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Personality: Arundhati Roy

Posted by Ram Kumar Shrestha on March 8, 2012

Arundhati Roy (born 24 November 1961) is an Indian novelist. She won the Booker Prizein 1997 for her novel, The God of Small Things, and has also written two screenplays and several collections of essays. Her writings on various social, environmental and political issues have been a subject of major controversy in India.

She spent her childhood in Aymanam in Kerala, and went to school at Corpus ChristiKottayam, followed by the Lawrence School, Lovedale, in Nilgiris, Tamil Nadu. She then studied architecture at the School of Planning and Architecture, Delhi, where she met her first husband, architect Gerard da Cunha.

Roy met her second husband, filmmaker Pradip Krishen, in 1984, and played a village girl in his award-winning movie Massey Sahib. Until made financially stable by the success of her novel The God of Small Things, she worked various jobs, including running aerobics classes at five-star hotels in New Delhi. Roy is a cousin of prominent media personality Prannoy Roy, the head of the leading Indian TV media group NDTV,. She lives in New Delhi.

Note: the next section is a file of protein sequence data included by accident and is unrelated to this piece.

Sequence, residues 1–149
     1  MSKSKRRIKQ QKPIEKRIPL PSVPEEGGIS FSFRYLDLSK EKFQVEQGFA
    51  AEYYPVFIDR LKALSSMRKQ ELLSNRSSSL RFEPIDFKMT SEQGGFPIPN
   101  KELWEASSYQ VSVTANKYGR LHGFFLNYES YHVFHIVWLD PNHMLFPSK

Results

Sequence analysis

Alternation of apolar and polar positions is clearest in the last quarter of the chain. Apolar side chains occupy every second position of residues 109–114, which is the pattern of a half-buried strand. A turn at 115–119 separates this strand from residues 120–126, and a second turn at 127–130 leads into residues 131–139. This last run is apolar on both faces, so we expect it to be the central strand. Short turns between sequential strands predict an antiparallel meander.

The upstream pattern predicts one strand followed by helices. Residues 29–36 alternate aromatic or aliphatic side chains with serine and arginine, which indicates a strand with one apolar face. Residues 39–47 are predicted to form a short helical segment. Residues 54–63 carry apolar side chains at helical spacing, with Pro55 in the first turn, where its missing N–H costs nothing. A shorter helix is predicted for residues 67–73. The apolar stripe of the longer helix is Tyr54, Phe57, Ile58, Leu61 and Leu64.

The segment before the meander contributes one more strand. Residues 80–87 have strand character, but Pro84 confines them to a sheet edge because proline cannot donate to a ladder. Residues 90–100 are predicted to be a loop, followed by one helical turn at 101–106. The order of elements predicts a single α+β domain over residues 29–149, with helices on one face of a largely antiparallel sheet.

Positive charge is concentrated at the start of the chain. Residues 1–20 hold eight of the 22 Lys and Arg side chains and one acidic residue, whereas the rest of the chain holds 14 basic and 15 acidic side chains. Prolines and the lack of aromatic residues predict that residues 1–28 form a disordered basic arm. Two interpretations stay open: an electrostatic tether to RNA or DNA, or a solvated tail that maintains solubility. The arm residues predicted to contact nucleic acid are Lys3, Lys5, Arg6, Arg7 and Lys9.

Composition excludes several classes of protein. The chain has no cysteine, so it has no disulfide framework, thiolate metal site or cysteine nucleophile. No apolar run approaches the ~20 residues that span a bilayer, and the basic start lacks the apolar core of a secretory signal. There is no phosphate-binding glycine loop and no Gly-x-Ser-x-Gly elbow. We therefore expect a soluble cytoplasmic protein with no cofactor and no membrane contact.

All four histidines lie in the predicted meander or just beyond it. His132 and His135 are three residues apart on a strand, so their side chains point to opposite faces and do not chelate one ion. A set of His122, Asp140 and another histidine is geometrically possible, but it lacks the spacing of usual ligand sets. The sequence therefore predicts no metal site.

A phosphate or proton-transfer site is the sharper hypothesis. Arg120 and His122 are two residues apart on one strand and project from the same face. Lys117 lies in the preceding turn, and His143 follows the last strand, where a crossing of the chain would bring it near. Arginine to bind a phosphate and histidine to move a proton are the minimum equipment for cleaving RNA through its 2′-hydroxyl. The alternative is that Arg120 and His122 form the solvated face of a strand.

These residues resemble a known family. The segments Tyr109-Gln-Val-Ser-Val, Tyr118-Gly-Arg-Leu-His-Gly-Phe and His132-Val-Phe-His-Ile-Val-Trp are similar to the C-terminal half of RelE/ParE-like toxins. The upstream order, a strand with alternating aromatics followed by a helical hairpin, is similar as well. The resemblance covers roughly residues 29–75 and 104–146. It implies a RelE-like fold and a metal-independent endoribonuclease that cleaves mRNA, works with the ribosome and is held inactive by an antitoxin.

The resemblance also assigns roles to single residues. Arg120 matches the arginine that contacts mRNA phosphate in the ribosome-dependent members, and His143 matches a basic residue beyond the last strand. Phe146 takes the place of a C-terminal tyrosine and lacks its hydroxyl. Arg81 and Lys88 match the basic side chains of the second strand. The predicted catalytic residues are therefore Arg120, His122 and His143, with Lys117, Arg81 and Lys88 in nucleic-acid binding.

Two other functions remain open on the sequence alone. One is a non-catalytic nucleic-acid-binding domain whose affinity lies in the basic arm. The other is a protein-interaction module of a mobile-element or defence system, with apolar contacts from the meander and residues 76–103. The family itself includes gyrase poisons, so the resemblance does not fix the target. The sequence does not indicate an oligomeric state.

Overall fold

Early in her career, Roy worked for television and movies. She wrote the screenplays for In Which Annie Gives It Those Ones (1989), a movie based on her experiences as a student of architecture, directed by her current husband, and Electric Moon (1992); she also appeared as a performer in the first. Roy attracted attention in 1994, when she criticised Shekhar Kapur‘s film Bandit Queen, based on the life of Phoolan Devi. In her film review titled, ‘The Great Indian Rape Trick’, she questioned the right to “restage the rape of a living woman without her permission,” and charged Kapur with exploiting Devi and misrepresenting both her life and its meaning.

Roy began writing her first novel, The God of Small Things, in 1992, completing it in 1996. The book is semi-autobiographical and a major part captures her childhood experiences in Aymanam.

The publication of The God of Small Things catapulted Roy to instant international fame. It received the 1997 Booker Prize for Fiction and was listed as one of the New York TimesNotable Books of the Year for 1997. It reached fourth position on the New York Times Bestsellers list for Independent Fiction. From the beginning, the book was also a commercial success: Roy received half a million pounds as an advance; It was published in May, and the book had been sold to eighteen countries by the end of June. Read the rest of this entry »

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